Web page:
“Finally, I want to be unambiguously clear about what I think is at stake here," Glasser's letter concludes. "Cherian George’s career is on the line, and that’s obviously very important to him and to his friends and colleagues. But just as important is NTU’s reputation as a university of international standing. Many of us view this case as a measure of not only NTU’s commitment to academic freedom but its commitment to apply its promotion and tenure standards fairly and equitably.” Although George was promoted to associate professor in 2009, the promotion was de-coupled from the awarding of tenure.

George did not immediately respond to a request for comment on Tuesday. A spokesman for NTU declined to comment on George's case, "as it is NTU's policy to keep all employment matters confidential."

May 1, 2013

Alumni of the University of Texas at Austin have launched a new video criticizing the way regents appointed by Governor Rick Perry, a Republican, have put pressure on the university. The alumni (in a view shared by many faculty members) argue that the regents are endangering the university's quality and have politicized discussions of higher education. The video, "Wake Up Longhorns," appeals to the pride of alumni by quoting from the fight song of Texas A&M University, Governor Perry's alma mater. Ray Sullivan, Perry's former chief of staff, told The Texas Tribune by e-mail: "I've long thought that the small but vocal status quo/anti-reform forces at UT-Austin were motivated by profound elitism and deep paranoia and hatred of Aggies. Especially against the state's top elected Aggie who has worked hard to improve the infrastructure, effectiveness and economic impact of UT. This proves it."

Here is the video:

 

 

 

May 1, 2013

In today’s Academic Minute, Joseph Nagyvary of Texas A&M University demonstrates the different vowel tones possessed by many high-end violins. Learn more about the Academic Minute here.

May 1, 2013

Roman Catholic leaders in Pittsburgh are demanding that Carnegie Mellon University take some action over a parade by art students, one of whom mocked the pope, KDKA News reported. The female student dressed as the pope from the waist up, was naked from the waist down, shaved her pubic hair in the shape of a cross, and passed out condoms on the parade route. A statement from the university said, "We are continuing our review of the incident. If our community standards or laws were violated, we will take appropriate action."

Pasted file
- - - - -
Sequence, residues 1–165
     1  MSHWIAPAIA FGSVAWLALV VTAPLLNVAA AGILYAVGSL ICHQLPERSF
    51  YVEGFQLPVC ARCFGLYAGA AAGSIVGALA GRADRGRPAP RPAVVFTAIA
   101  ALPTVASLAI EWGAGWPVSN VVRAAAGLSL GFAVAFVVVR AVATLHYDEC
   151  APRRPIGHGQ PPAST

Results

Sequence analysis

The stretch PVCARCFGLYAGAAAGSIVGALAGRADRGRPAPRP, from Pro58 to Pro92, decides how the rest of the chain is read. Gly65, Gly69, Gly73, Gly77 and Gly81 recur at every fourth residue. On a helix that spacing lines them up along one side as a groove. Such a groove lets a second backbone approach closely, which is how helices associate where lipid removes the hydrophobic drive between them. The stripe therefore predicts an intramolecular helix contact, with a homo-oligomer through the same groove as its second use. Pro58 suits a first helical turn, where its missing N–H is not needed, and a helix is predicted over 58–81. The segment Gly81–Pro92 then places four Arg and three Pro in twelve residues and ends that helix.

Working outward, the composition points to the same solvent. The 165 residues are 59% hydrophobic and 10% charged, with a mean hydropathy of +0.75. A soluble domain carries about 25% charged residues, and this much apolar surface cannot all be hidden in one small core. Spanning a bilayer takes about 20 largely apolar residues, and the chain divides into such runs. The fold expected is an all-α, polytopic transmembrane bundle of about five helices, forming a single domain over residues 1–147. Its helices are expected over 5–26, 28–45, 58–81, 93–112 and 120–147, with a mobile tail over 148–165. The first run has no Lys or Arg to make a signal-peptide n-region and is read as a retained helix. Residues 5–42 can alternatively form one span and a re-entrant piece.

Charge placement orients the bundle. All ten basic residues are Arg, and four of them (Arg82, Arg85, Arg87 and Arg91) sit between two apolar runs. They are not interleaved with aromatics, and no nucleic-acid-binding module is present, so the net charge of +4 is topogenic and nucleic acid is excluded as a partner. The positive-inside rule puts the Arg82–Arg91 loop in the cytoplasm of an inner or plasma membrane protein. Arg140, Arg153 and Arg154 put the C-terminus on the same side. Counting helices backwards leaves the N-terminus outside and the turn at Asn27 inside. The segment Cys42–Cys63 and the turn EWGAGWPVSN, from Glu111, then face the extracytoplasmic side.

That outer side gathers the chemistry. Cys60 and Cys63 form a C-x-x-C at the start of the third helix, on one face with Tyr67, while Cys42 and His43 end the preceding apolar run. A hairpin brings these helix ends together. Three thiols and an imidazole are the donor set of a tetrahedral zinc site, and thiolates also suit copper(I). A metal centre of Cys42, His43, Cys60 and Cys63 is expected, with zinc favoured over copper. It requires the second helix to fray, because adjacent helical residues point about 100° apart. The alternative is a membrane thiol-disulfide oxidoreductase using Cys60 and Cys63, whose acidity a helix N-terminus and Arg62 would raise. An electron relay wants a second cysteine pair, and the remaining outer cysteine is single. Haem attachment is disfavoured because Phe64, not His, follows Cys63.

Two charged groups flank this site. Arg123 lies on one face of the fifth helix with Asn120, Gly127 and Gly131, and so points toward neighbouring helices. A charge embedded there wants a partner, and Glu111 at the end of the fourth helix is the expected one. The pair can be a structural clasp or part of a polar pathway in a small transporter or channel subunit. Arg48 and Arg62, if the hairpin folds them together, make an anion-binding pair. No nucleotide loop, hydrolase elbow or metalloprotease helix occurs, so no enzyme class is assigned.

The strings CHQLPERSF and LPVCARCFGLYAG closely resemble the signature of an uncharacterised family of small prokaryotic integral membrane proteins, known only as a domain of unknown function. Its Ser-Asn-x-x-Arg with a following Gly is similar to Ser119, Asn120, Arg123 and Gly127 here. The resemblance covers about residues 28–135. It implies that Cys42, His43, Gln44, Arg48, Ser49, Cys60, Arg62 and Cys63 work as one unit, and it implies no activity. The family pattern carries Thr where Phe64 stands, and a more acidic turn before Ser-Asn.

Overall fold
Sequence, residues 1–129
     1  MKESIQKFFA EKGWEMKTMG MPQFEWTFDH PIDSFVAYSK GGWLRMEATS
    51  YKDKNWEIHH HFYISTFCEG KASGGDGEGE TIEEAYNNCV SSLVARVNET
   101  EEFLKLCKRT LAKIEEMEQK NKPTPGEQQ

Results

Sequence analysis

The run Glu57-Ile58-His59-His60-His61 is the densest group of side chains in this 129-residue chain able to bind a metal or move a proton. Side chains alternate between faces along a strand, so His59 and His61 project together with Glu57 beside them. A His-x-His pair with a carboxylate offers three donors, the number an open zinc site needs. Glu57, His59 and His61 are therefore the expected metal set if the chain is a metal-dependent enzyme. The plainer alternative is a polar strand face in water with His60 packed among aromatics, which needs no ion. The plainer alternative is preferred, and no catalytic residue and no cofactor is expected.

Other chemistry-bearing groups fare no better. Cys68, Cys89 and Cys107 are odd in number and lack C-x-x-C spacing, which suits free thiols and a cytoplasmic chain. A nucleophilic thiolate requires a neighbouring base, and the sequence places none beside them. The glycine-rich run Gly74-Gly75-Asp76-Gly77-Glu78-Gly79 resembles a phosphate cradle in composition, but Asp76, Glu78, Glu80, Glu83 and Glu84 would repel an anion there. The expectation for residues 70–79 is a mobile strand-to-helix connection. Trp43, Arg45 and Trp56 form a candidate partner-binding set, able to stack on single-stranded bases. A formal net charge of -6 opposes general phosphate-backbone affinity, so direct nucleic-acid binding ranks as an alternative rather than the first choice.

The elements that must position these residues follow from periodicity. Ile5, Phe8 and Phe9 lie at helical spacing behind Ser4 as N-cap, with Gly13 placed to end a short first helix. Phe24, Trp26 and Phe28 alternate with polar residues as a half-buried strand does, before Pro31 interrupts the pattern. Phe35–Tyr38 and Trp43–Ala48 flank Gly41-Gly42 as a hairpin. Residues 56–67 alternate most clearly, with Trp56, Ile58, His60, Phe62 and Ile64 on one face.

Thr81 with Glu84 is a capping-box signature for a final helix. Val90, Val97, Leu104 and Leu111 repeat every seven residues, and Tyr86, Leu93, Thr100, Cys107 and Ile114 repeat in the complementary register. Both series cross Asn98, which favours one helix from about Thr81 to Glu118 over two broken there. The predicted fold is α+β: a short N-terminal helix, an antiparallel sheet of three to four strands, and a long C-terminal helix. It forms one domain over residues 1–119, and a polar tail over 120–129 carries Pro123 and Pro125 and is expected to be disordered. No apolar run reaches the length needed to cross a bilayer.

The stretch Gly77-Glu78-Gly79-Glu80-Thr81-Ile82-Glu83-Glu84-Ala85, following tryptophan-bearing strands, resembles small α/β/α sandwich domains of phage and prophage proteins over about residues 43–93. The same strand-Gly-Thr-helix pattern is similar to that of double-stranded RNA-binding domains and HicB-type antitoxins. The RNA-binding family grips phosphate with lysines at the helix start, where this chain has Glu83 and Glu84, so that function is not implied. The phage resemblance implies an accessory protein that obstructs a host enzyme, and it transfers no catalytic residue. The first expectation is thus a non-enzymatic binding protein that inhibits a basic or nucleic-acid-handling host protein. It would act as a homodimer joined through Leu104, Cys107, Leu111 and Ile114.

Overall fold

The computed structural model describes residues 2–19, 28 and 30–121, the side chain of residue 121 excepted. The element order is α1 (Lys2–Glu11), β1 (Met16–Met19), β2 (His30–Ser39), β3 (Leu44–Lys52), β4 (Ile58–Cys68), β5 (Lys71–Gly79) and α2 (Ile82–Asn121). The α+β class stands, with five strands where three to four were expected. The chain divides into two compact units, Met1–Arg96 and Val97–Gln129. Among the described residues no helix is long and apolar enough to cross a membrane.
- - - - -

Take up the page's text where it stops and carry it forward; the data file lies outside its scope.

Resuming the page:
May 1, 2013

Students at the state of Washington's 34 community and technical colleges will save hundreds of thousands of dollars a year because of low-cost textbooks produced by the state's Open Course Library, the college system said this week. The library, which received funding from the state legislature and the Bill & Melinda Gates Foundation, spent $1.8 million to develop low-cost course material, including textbooks of no more than $30, for 81 common courses. The effort has already saved students $5.5 million since fall 2011, according to an analysis by The Student Public Interest Research Groups, an advocacy organization.

“Students are clearly the winners in the open courseware library model,” said Marty Brown, the executive director of the State Board for Community and Technical Colleges, in a conference call with reporters.

Nicole Allen, a textbook advocate for the student group, said Washington's materials are used outside the state, including by a math department in Arizona. Policymakers in California and British Columbia have created similar projects, she said.

April 30, 2013

Boston University -- still recovering from the death of one of its students in the bombings at the Boston Marathon -- is facing another tragedy. A senior at the university was killed in a fire off campus early Sunday. Nine other residents of the building (including two other Boston University students) were injured.

April 30, 2013

President Obama used a speech Monday at the 150th anniversary meeting of the National Academy of Sciences to pledge that he would continue to push for research funding. "[A]s long as I’m president, we’re going to continue to be committed to investing in the promising ideas that are generated from you and your institutions, because they lead to innovative products, they help boost our economy, but also because that’s who we are.  I’m committed to it because that’s what makes us special and ultimately what makes life worth living," he said.

Further, at a time that Republicans in Congress are questioning the validity of peer review decisions, Obama expressed strong support for peer review. "[W]e’ve got to protect our rigorous peer review system and ensure that we only fund proposals that promise the biggest bang for taxpayer dollars.  And I will keep working to make sure that our scientific research does not fall victim to political maneuvers or agendas that in some ways would impact on the integrity of the scientific process.  That’s what’s going to maintain our standards of scientific excellence for years to come," the president said.

While a number of presidents have addressed the annual gathering of the academy, President Obama is the first to speak more than once at these meetings. He previously addressed the scientists in 2009.